If we employ the concept of a per accidens ordered causal series to interpret this passage, the causal activity of the One is limited to the production of vous. We could still say that without this first production nothing else would be produced, but the existence of the One would no longer be a necessary condition for the production of soul anymore than the existence of the grandfather is a necessary condition for the production of the grandson. Even if we insist that the One exists necessarily, this existence is irrelevant to the causality of the being of soul, which, in the putative per accidens series, is attributed solely to vous.

The obvious impediments to the endorsement of this interpretation are the many texts where Plotinus says that the One preserves all things in being. It might be thought that the interpretation can be retained if this preservation is construed as a counterfactual.(18) Thus, the One preserves everything in being means that if per impossibile the One were to cease existing, then everything else would cease existing as well. We can imagine if we like an Atlas holding the earth aloft, an Atlas who is no part of earthly production, but who could not simply disappear without his burden crashing down. The problem with this construal is that it imports an unacceptable complexity into the One's causal activity. It presumes that the One is the cause of the being of vous and then operates differently in conserving the being of vous and everything else. However the activity of the One may be understood, we cannot accept an interpretation which has it do two different kinds of things. How could we make a distinction within the One to account for this? So, either the One is the cause of the being of vous and everything else or it is the cause of neither. But the latter alternative is excluded by the texts.

Perhaps this line of argument will seem problematic. There is, however, another argument against the per accidens interpretation which removes the possibility of construing preserving in being differently from causing being. The [unkeyable] of vous is the ultimate explanation or cause of thinking, life, and [unkeyable].(19) It is sufficient at this point to note that it is obviously not the [unkeyable] of that which it receives from the One, the [unkeyable] above it. Now if the One is the [unkeyable] of the being or existence of vous, then in no case is vous the [unkeyable] of the being or existence of anything else. If soul, for example, receives not only life, thinking, and [unkeyable] from vous but existence as well, then vous performs for soul the identical function that the One performs for vous. Then the uniqueness of the [unkeyable] of being, to say nothing of its primacy, would be destroyed. I take it that any interpretation that leads to this result is to be firmly rejected.(20)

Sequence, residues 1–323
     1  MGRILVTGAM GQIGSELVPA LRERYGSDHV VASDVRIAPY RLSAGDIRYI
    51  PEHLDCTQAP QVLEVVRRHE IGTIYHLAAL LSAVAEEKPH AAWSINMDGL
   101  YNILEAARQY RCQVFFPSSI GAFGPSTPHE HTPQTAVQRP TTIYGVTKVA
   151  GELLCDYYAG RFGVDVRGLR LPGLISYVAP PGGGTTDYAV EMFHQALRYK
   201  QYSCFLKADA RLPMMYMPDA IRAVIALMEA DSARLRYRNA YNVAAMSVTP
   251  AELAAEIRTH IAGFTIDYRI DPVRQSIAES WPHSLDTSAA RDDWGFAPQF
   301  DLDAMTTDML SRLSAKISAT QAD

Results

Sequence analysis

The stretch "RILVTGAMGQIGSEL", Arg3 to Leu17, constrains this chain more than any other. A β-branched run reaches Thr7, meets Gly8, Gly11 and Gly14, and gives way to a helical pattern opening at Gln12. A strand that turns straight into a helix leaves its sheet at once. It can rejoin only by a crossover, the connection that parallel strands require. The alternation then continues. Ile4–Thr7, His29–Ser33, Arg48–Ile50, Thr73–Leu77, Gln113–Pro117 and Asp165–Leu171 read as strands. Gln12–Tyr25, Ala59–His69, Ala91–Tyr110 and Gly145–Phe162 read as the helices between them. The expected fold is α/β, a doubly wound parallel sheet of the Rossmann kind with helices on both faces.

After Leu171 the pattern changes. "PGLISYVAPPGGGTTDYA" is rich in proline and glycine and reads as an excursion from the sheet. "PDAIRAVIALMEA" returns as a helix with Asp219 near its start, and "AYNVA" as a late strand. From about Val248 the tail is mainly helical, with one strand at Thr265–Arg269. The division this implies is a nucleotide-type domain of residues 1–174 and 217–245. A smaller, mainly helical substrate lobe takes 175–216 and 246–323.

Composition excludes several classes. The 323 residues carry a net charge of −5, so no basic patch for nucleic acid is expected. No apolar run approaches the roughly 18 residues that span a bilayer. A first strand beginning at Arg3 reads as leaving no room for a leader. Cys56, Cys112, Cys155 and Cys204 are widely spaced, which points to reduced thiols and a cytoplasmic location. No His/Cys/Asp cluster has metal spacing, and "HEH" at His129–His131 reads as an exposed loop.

If, owing to these objections against an interpretation of the metaphysical causality in Plotinus in terms of a per accidens series, we opt for a per se ordered series, then the One is the sole cause of the being of everything else and the role of the other principles is at most instrumental. One of the central texts relevant to assessing this proposal is also perhaps one of the texts most frequently thought of as somehow expressing emanation:

All things which exist, as long as they remain in being, necessarily produce from their own substances [[unkeyable]], in dependence on their present power, a surrounding reality [[unkeyable]] directed to what is outside them, a kind of image of the archetypes from which it was produced: fire produces the heat which comes from it; snow does not only keep its cold inside itself. Perfumed things show this particularly clearly. As long as they exist, something is diffused from themselves around them, and what is near them enjoys their existence. And all things when they come to perfection produce [[unkeyable]]; the One is always perfect and therefore produces everlastingly; and that which it produces is less than itself. (5.1.6.31-8)(21)

There are many, many important features in this passage. Of particular interest to us is just what it is that the One produces. From the above arguments, we can infer that the answer is not simply vous. On the other hand, we must bear in mind that vous is indeed a product of the One. It is in fact the "first" product, that which is eternally in closest proximity to the source of all.(22) All we are told in the present passage is that what is produced by the One is inferior ([unkeyable]) to it.